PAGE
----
10 TERRIFYING Creatures You'll Be Glad Are No Longer Around!
- Published on: 5/8/2020
- Hi, it’s Katrina! From enormous predatory birds that could pummel their prey, to animals scientists are trying to bring back to life, here are 10 extinct creatures you should definitely know about!
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10. The Giant Swan
Cygnus falconeri, also known as the Maltese swan or giant swan, is an extremely large extinct swan species that lived during the Pleistocene period, around 125,000 years ago, when Malta and Sicily were connected by a land bridge. Researchers originally thought that it only lived in Malta, but in 2004, giant swan remains were discovered in Sicily.
Discovered in northeastern Colombia’s Cerrejón Formation in 2005 and known by a single specimen, Carbonemys cofrinii is an extinct turtle that dwelled in South American swamps during the Paleocene Era, around 60 million years ago. The ancient turtle shared a habitat with the Titanoboa, you know, the one-ton prehistoric snake! It grew to the size of a small car, reaching up to 10 feet (3 meters) long and weighing as much as a ton.
Purussaurus brasiliensis was a giant, caiman-like crocodilian that flourished primarily in northwestern South America (Pan-Amazonia) during the Middle to Late Miocene. It was around 41 feet (12.5 meters) long -- longer than a city bus -- and weighed around 9.3 tons (8.4 metric tons). The creature’s skull alone was up to five feet (1.4 meters) long, and it required a massive diet of up to 90 pounds (40.6 kg) of food daily.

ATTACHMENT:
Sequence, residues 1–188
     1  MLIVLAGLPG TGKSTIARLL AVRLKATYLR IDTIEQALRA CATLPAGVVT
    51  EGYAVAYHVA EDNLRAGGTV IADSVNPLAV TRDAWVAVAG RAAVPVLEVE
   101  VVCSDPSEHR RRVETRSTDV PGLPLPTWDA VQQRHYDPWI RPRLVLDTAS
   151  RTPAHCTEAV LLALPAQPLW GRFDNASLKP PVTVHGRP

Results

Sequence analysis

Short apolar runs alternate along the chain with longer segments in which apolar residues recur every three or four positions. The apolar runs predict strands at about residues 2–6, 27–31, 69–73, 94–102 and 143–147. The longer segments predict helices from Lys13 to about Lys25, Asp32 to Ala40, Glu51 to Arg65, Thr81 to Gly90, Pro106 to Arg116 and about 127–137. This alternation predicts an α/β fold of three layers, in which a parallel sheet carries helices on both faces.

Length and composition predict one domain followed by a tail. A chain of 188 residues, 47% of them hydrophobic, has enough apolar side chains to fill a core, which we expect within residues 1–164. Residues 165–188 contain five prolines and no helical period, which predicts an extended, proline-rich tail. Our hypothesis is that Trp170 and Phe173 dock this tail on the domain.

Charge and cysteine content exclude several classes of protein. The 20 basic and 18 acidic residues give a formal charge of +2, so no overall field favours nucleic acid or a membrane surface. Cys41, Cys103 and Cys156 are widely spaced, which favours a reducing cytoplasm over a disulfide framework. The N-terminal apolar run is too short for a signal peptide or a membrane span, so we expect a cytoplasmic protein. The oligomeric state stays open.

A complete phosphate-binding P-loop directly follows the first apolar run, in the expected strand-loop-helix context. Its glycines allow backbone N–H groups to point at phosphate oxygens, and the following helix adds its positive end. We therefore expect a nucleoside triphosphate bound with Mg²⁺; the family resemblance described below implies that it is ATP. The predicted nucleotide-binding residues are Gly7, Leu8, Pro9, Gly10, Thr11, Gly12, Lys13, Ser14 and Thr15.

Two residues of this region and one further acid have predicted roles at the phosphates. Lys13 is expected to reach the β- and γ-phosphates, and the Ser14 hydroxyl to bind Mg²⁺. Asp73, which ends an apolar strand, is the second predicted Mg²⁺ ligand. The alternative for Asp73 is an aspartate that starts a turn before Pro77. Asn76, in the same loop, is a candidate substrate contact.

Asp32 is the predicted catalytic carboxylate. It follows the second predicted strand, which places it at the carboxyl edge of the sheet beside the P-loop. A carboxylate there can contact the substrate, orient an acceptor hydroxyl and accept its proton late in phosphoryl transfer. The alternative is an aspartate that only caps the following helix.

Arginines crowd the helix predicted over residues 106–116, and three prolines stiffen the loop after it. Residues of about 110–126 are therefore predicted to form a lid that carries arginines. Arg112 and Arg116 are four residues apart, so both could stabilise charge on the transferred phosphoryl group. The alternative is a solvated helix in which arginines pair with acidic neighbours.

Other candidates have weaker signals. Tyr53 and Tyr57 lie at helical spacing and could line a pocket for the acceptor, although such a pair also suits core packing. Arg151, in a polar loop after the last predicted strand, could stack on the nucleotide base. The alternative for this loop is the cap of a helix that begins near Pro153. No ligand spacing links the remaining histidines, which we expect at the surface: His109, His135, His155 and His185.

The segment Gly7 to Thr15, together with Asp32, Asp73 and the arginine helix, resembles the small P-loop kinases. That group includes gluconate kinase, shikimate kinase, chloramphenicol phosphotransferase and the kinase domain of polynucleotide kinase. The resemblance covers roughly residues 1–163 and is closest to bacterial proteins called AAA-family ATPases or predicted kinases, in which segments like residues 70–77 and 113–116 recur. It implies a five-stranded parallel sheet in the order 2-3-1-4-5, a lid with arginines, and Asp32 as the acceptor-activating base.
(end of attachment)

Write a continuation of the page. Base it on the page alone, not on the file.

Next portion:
7. Steller’s Sea Cow
Hydrodamalis gigas, or the Steller’s sea cow, was a marine mammal related to sirenians, which includes the modern-day dugong and manatee, as well as two other surviving species. Unlike today’s sirenians, which dwell in tropical waters, the extinct Steller’s sea cow lived in the frigid North Pacific Ocean, between Alaska and Russia.
6. Terror Birds
Once the velociraptor and T-Rex were wiped out 66 million years ago, the terror bird took over the world! Not really, but they were pretty scary, and were one of the most terrifying predators of what is now South America, and stayed that way until about 2 million years ago!
Five hundred million years ago during the Cambrian period, Anomalocaris, an apex predator resembling a strange combination of a shrimp, shark, and seahorse lived in the world’s oceans.
This Siberian Unicorn was an ice age giant, and lived at the same time as modern humans. Elasmotherium sibiricum, otherwise known as giant rhinoceros or the giant Siberian unicorn, is an extinct Eurasian rhino species that lived from 2.6 million years ago until about 39,000 years ago. It spent its days grazing the grasslands of modern-day Kazakhstan, Siberia, and southwestern Russia and Ukraine.
3. Arctotherium Angustidens
Also called the South American short-faced bear, it was the largest bear that ever existed. First described in 1880, it was one of five Arctotherium species, and was descended from ancestors that crossed the Panamanian land bridge to South America roughly three million years ago.
2. Great Auk
The Great Auk was a flightless bird that resembled a modern penguin, but at 30 inches (76.2 cm) tall, it was more scary than cute. It had disproportionately small wings measuring just 6 inches (15 cm) long, and a beak nearly as large as its head. This species, which was unrelated to penguins despite looking like one, bred off North Atlantic coasts on rocky islands.
The glyptodon is an extinct prehistoric armadillo the size of a car, with a spiky, clubbed tail that was capable of causing extensive damage. It grew up to 10 feet (3 meters) long, weighed as much as a ton, and had an armored back made up of 1,000 or so tightly-fitted bony plates.
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